A new Navy guidance affecting the SEALs was released on Thursday, directing all active-duty sailors to be fully vaccinated against COVID-19 by November 28. This means that they have to receive their final dose by November 14.

Although Navy SEALs were allowed to request an exemption over religious and medical reasons, a source told FOX News on Friday that sailors seeking religious vaccine exemptions were threatened and harassed into taking the jab against the notorious disease.

Punishments faced by those planning not to take the vaccine were reported to be pay cuts, demotions, and a ban on travel for SEALs and other servicemembers.

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Meanwhile, the source pointed out that Navy SEALs seeking religious exemptions for the vaccine mandate face a process nearly impossible to complete to get the waiver.

The source also mentioned an incident where a Navy SEAL informed his commander that he planned to seek a religious exemption against the Navy's vaccine mandate. The commander then said SEAL would have to give up his special warfare pin known as "Trident."

Without the trident, a Navy SEAL is removed from the SEAL community, making an individual a regular sailor despite years of special operator status.

Navy Official Says Members Can Still Seek Religious Vaccine Exemptions

Lt. Cdr. Patricia Kruezberger disputed the claims of harassment and threats, reiterating that members of the Navy can still apply for religious exemptions.

"Servicemembers are entitled to seek religious exemptions and those requests will be considered in keeping with current Navy policy," Kruezberger said.

The official also pointed out that the Navy is in the process of reviewing those servicemembers who filed for the religious exemptions to the vaccine mandate on a "case-by-case basis."

Navy Members Who Refuse COVID Vaccine Face Discharge

Servicemembers who will refuse the COVID vaccine will face discharge, according to the guidance released by the Navy on Thursday, The Hill reported.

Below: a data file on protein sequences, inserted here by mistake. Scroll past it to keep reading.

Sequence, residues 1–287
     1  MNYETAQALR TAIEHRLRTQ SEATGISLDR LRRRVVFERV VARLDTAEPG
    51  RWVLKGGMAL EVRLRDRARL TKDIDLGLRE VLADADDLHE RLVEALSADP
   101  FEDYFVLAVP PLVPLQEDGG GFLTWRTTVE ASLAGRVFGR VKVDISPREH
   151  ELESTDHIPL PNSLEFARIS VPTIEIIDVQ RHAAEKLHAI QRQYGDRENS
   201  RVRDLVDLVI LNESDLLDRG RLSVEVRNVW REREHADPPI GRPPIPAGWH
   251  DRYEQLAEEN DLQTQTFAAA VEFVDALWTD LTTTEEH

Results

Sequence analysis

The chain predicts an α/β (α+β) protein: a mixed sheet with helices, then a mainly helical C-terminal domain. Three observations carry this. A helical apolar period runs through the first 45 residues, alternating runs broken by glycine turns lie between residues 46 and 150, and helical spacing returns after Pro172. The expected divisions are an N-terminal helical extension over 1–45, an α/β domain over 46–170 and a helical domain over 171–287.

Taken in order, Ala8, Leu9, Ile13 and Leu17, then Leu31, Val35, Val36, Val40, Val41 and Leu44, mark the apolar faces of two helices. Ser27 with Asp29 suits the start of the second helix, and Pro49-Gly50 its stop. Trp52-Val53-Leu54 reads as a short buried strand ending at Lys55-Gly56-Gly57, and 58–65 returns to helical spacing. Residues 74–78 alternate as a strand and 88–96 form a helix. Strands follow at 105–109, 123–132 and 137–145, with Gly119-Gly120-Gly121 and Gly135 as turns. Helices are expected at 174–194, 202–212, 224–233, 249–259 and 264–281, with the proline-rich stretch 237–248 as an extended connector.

"With COVID-19 vaccines now mandatory for all military members, the Navy has announced plans to start processing for discharge to those who refuse vaccination without a pending or approved exemption," said the Navy in a statement.

The Navy also said that they formed a group called COVID Consolidated Disposition Authority (CCDA) to ensure that a "fair and consistent process" will be given in deciding how to handle the possible discharge of servicemembers who refuse to be fully vaccinated by November 28. Meanwhile, those in the Navy Reserve had to get their final dose on or before December 14 to meet their December 28 deadline to be fully vaccinated.

Aside from facing possible discharge from the Navy, servicemembers who refuse the vaccine will not be allowed to execute orders, be promoted, advance, and reenlist.

The vaccine deadline on the Navy came after their force experienced at least 164 coronavirus deaths since the onset of the pandemic, with 144 among them not vaccinated against the disease. Meanwhile, the vaccine status of the remaining 20 was unclear.

"Immunizations are of paramount importance to protecting the health of the force and the warfighting readiness of the fleet," the Navy said in their notice.

To date, the Navy confirmed that 98 percent of their 350,000 active duty members began or completed their vaccination process.

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This article is owned by Latin Post.

Written By: Joshua Summers

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